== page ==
Loss of NAMPT in aging retinal pigment epithelium reduces NAD+ availability and promotes cellular senescence

Research output: Contribution to journalArticle

9 Scopus citations

Abstract

Retinal pigment epithelium (RPE) performs numerous functions critical to retinal health and visual function. RPE senescence is a hallmark of aging and degenerative retinal disease development. Here, we evaluated the temporal expression of key nicotinamide adenine dinucleotide (NAD+)-biosynthetic genes and associated levels of NAD+, a principal regulator of energy metabolism and cellular fate, in mouse RPE. NAD+ levels declined with age and correlated directly with decreased nicotinamide phosphoribosyltransferase (NAMPT) expression, increased expression of senescence markers (p16INK4a, p21Waf/Cip1, ApoJ, CTGF and ß-galactosidase) and significant reductions in SIRT1 expression and activity. We simulated in vitro the age-dependent decline in NAD+ and the related increase in RPE senescence in human (ARPE-19) and mouse primary RPE using the NAMPT inhibitor FK866 and demonstrated the positive impact of NAD+-enhancing therapies on RPE cell viability. This, we confirmed in vivo in the RPE of mice injected sub-retinally with FK866 in the presence or absence of nicotinamide mononucleotide. Our data confirm the importance of NAD+ to RPE cell biology normally and in aging and demonstrate the potential utility of therapies targeting NAMPT and NAD+ biosynthesis to prevent or alleviate consequences of RPE senescence in aging and/or degenerative retinal diseases in which RPE dysfunction is a crucial element.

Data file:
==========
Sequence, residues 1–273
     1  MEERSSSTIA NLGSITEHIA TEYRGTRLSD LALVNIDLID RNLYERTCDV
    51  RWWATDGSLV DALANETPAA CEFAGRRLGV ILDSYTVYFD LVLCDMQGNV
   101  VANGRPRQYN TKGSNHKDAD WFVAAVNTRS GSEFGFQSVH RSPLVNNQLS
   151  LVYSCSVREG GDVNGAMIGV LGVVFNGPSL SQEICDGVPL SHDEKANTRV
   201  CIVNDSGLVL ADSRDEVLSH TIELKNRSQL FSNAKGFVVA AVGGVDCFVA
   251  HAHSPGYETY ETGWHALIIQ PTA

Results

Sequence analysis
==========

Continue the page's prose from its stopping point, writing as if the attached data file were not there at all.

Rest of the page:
Original languageEnglish (US)
Pages (from-to)1306-1323
Number of pages18
JournalAging
Volume10
Issue number6
DOIs
StatePublished - Jun 1 2018

Keywords

  • Age-related macular degeneration (AMD)
  • Aging
  • NAD+
  • NAMPT
  • Retinal pigment epithelium (RPE)
  • SIRT1
  • Senescence

ASJC Scopus subject areas

  • Aging
  • Cell Biology

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